Interview with Matt Kelly of the Dropkick Murphys

Interview with Matt Kelly of the Dropkick Murphys

(Summer 2003)

It’s summertime again and that means one thing, Warped Tour is in town. This was the second Warped for Simi and I, so this year we were a bit more prepared for what was in store. After checking out the vendor and band tents and catching a few bands, we made our way backstage to interview the band Dropkick Murphys, who had just finished playing to one of the hugest crowds of the day.

After waiting for a couple of schmucks from the WB moring show The Daily Buzz, fumble with their equipment and their interview (Which consisted on the interviewer telling the band how much his brother was a fan of theirs and asking for autographs as the rest of us had to wait) Simi and I finally got to speak to Matt Kelly, the drummer for the Dropkicks Murphys.

CFS – How many years have you been involved with the Warped Tour?

HV – Let’s see… I think this is our fourth year, the second time we’ve done the whole thing.

CFS – What is it about the Warped Tour that keeps the Dropkick Murphys coming back?

MK – You get to see your friends bands. It’s a cool little festival thing. You get to drink a lot of beer. Barbeque. Sometimes you hit places you wouldn’t normally hit on your own tour, and hopefully play to a different audience. We don’t see a lot of our fans coming to our show on this tour, with the exception of today. It was crazy. It seemed really our crowd out there. It was awesome.

CFS – I got good photos of the crowd waving flags.

MK – They had great flags to today. It was the best.

CFS – You’ve been around since 1996, how does it feel to have a younger crowd getting into your music?

MK – It’s great. It’s crazy because it’s not just the young kids. It’s even their parents and grandparents. It’s sick. It’s amazing. Doing what you love and what you’re good at and people appreciating what you do is the best feeling in the world.

CFS – where you surprised when you realized that you were actually making a living out of what you loved doing?

MK – My dad tried doing it for years and he’s wasn’t too successful at it, so I feel blessed. He played drums as well as my uncle. My cousins play the accordian and bagpipes.

CFS – Sounds like you come from a musical family.

MK – Definitely.

CFS – Are any of them in bands?

MK – The Kelly Family in Germany. They’re like a pop band or something. They fill soccer stadiums. They sell out huge gigantic places, but it’s not really my bag.

CFS – What made you decide to have an Irish influence to your music?

MK – My last name’s Kelly. His last name is Lynch. We have a Casey, Orrel… I grew up playing Irish folk music. Outside of Ireland, I think Boston is the city with the biggest Irish or Irish descended population in the world.

South Boston is a huge Irish neighborhood as well as Dochester which is next to where I live.You can go to almost any bar and there will be a traditional Irish folk session playing any night of the week.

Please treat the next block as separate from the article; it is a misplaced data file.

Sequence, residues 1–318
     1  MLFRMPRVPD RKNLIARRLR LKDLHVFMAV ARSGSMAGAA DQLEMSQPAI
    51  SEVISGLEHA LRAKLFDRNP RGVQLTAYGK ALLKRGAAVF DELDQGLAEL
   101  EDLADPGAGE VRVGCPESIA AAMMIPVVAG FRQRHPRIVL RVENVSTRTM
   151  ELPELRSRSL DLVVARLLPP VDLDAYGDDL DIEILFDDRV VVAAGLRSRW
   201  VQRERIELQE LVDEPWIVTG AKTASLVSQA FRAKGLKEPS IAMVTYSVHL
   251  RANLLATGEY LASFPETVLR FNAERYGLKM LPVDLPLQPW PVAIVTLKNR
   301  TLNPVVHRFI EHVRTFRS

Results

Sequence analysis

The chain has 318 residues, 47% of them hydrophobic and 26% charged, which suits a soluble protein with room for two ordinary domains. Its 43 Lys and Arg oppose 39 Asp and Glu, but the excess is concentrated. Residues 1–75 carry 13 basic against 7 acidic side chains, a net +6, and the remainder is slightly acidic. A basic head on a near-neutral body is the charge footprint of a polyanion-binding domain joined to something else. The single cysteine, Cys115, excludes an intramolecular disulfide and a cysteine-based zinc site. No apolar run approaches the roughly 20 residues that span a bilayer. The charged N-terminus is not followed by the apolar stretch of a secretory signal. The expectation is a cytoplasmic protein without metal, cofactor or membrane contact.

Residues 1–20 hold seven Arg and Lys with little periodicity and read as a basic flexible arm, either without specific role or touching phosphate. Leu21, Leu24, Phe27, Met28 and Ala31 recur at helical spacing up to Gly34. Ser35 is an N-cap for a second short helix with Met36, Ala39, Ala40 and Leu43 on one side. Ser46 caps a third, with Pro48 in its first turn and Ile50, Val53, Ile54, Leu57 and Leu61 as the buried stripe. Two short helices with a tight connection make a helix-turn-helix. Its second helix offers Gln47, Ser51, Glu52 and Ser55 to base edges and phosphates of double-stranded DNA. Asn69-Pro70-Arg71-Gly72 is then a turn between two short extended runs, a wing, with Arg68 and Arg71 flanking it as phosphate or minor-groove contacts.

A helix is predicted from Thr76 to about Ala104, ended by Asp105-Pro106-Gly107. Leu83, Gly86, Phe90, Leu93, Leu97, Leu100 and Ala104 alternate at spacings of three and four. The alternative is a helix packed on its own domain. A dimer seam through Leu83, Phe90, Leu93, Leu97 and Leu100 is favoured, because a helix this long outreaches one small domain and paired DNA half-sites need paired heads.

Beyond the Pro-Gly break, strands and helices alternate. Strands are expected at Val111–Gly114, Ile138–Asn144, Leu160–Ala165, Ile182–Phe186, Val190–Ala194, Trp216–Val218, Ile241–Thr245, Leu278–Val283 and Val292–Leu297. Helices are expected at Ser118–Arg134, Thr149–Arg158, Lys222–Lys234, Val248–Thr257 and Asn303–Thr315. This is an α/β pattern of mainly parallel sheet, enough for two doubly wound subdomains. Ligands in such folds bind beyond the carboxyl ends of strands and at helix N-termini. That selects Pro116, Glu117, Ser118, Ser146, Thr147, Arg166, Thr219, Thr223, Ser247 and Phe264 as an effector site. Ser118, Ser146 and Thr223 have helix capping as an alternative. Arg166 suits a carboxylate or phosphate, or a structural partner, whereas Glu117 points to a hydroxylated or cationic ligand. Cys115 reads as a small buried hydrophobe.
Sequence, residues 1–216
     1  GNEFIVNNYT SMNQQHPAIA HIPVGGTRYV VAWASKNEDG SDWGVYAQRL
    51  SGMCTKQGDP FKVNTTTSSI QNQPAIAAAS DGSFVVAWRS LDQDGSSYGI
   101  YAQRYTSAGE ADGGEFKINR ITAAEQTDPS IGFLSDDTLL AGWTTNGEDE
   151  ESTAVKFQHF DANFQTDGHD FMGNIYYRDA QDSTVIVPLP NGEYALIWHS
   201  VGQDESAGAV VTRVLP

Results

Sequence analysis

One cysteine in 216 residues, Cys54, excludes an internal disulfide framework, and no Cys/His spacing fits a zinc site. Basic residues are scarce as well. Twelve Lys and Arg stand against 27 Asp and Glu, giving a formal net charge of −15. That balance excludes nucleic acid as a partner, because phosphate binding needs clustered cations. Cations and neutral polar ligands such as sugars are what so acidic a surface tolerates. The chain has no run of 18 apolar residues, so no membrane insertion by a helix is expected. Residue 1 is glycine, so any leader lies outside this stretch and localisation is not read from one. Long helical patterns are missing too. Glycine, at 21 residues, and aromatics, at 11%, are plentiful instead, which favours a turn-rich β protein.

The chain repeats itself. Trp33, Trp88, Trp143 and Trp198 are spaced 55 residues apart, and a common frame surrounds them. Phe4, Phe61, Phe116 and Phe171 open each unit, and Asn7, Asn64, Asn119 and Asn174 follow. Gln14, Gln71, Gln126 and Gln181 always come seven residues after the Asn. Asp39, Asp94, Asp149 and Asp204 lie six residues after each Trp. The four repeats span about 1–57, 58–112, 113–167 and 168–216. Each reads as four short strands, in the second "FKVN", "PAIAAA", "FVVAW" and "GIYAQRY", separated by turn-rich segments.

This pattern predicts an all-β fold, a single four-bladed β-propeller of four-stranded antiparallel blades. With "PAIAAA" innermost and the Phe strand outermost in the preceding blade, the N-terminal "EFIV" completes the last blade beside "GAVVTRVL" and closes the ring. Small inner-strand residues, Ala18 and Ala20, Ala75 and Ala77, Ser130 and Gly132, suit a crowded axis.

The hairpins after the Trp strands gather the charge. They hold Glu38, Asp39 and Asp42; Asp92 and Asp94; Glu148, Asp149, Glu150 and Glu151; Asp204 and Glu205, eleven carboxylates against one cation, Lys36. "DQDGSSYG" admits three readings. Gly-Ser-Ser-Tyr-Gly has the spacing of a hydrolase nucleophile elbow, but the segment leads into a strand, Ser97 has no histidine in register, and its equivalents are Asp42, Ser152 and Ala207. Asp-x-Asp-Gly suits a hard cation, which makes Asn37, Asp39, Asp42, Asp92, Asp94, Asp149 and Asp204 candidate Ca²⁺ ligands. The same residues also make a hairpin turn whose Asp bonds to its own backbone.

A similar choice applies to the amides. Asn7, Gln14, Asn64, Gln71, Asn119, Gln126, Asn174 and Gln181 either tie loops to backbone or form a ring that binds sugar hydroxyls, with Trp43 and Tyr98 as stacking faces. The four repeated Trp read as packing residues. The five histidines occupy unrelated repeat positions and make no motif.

When they band started playing it was almost accidental that we had an Irish sound. The first song we ever had was called “Bar Room Hero”. Ken didn’t even know how to play the bass. He just had this song in his head. A friend, this guy from the legendary Boston band, the Freeze, said you guys sound like a cross between the Ramones and Pogues.

It’s just how we write. I listen to the Pogues, the Clancy Brothers, the Chieftians, plus growing up as a kid hearing the stuff. Your grandparents, parents playing the stuff at weddings, you hate it at the time but it seeps under your skin. Now I enjoy it.

CFS – You put your own twist to it.

MK – Yeah, we’re not playing traditional music by any means. I listen to more AC/DC than that.

CFS – The cool thing is that your music helps turn kids, who do listen to the Ramones or AC/DC, on to traditional Irish music.

MK – A lot of kids have come up to us and said, “I’ve listened to this and my grandmother would say that’s an old song.” They’re grandparents would then play the song from their old ’78s. It helps get kids in to folk and traditional music. Helps them go back to the roots of things as opposed to whatever’s shoved in their face via radio or MTv.

CFS – It’s like the Chieftain’s album “A Long Black Veil” where they have Mick Jagger, Sinead O’Connor and other’s singing on it.

MK – We actually use one of the songs as an intro. That’s a great record.

CFS – The great thing about Warped is that people get a chance to see bands that have been around for awhile as well as some great up and coming bands. Are their any new bands that you would recommend seeing?

MK – The Unseen from Boston. They’ve been around for a while, like ’92 or ’93, but they don’t get the recognition they deserve. They’re starting to. Their new album in unbelievable.

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